The National Cathedral has installed two “racial justice” themed stained-glass windows to replace ones that honored Confederate Gens. Robert E. Lee and Thomas “Stonewall” Jackson.
The new windows, created by artist Kerry James Marshall, feature protesters holding signs that read “Fairness” and “No Foul Play.”
Titled “Now and Forever,” the windows were unveiled on Saturday.
Fabulous unveiling today at National Cathedral of glorious “Now & Forever Windows” by Birmingham native Kerry James Marshall depicting resilience of African Americans & nation’s struggle with racism. Accompanied by powerful original poem by Elizabeth Alexander, “American Song.” pic.twitter.com/4boa7Mz7l3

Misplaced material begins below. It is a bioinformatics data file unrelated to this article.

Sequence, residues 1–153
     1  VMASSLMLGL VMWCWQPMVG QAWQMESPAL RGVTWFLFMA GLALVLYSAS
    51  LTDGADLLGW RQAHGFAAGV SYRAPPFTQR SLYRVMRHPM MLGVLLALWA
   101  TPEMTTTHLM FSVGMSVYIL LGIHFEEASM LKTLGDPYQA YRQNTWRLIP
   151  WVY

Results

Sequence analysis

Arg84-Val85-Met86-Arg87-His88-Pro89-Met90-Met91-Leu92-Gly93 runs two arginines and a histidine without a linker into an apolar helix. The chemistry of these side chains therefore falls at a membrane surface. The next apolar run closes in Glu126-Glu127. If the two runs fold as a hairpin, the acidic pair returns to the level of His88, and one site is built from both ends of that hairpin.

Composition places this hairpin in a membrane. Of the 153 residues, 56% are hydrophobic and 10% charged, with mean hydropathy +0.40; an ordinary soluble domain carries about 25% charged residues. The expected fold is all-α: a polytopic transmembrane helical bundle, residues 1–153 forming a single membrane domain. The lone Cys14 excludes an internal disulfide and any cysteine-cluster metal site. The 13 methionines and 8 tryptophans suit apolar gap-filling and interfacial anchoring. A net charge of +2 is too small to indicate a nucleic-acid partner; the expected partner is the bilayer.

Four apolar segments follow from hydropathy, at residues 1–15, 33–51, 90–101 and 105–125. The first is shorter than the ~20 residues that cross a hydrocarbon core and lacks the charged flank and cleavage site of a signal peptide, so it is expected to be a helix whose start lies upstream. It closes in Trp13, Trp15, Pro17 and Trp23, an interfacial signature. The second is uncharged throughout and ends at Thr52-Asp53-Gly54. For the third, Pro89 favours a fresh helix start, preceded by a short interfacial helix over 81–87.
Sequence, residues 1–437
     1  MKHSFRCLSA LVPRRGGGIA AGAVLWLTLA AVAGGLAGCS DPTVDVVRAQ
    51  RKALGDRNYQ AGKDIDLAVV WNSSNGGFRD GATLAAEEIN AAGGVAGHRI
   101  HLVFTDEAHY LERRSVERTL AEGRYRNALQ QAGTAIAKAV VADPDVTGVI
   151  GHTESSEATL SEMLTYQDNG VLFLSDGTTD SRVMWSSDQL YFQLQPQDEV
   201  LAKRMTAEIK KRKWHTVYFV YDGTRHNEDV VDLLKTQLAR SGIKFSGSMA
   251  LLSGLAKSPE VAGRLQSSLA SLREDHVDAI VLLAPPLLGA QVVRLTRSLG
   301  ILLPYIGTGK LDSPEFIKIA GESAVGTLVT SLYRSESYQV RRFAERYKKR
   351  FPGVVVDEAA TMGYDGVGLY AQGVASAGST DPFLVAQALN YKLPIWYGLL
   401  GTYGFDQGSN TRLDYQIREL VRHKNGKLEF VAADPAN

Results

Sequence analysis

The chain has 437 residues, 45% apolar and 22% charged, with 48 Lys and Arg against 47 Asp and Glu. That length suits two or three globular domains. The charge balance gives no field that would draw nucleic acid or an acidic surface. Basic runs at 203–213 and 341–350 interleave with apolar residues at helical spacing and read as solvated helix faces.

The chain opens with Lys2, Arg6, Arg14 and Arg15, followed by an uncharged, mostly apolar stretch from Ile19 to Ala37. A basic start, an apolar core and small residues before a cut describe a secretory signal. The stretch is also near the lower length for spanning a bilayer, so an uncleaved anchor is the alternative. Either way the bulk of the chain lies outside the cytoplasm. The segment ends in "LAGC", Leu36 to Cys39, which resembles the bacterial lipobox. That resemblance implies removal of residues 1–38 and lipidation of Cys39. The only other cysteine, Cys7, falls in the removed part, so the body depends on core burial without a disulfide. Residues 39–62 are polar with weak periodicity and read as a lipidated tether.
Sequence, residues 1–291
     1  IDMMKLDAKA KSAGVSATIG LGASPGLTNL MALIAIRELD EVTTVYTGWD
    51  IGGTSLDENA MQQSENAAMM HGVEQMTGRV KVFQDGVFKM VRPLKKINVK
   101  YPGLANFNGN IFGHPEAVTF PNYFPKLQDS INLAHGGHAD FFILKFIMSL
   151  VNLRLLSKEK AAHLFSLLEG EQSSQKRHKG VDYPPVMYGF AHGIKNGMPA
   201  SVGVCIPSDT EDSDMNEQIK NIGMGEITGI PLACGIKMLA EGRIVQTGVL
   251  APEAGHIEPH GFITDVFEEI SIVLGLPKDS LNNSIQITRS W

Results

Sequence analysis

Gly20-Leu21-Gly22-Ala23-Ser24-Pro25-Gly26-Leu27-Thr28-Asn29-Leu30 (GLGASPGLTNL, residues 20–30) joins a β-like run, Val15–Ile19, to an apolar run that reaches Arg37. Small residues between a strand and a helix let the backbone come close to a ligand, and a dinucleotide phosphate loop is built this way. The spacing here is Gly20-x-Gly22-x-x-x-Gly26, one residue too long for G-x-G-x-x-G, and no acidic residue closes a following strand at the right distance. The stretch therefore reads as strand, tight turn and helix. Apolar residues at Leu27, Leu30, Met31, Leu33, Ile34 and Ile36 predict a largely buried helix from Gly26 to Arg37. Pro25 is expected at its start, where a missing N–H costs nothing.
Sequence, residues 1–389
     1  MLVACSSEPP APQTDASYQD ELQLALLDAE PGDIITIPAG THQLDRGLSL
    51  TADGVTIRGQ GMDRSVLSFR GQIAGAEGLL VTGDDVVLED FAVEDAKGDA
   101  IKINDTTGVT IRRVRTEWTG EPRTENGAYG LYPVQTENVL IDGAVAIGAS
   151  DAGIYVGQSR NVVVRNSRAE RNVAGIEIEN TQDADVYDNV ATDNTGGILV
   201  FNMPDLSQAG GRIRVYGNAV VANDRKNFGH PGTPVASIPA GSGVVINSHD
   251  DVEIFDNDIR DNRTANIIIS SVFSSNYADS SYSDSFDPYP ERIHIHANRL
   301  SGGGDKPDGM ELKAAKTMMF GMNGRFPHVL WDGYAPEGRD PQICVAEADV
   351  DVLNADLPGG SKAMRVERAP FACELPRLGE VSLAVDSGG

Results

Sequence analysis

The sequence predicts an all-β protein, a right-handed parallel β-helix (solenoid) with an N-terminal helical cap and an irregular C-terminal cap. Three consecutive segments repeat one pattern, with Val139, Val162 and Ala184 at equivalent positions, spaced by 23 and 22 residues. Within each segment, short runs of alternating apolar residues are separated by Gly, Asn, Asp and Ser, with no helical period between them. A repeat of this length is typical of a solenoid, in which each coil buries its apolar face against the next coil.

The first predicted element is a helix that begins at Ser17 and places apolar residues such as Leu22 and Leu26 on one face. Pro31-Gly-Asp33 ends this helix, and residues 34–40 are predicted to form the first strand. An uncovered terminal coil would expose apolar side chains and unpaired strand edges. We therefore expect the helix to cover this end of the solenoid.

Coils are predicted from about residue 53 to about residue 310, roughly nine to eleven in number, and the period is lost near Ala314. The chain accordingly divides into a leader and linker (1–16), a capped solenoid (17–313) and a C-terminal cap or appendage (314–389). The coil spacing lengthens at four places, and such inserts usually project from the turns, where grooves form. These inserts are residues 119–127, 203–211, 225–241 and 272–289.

— Leslie Proll (@LeslieProll) September 23, 2023
According to a report from NPR, “The new windows ‘lift up the values of justice and fairness and the ongoing struggle for equality among all God’s great children,’ the Very Rev. Randolph Marshall Hollerith, the cathedral’s dean, said on Saturday at the unveiling.”
Rev. Hollerith said that the previous windows “were offensive and they were a barrier to the ministry of this cathedral and they were antithetical to our call to be a house of prayer for all people.”
“They told a false narrative extolling two individuals who fought to keep the institution of slavery alive in this country,” he continued.
The windows honoring the Confederate generals were installed in 1953. They were taken down in 2017.
“In 2021, the cathedral selected Kerry James Marshall as the artist tasked with creating racial justice-themed windows,” the NPR report explains. “Marshall, whose paintings have been at the Met, the National Gallery and the Museum of Fine Arts Boston, has devoted his career illustrating Black lives and Black culture on canvas.”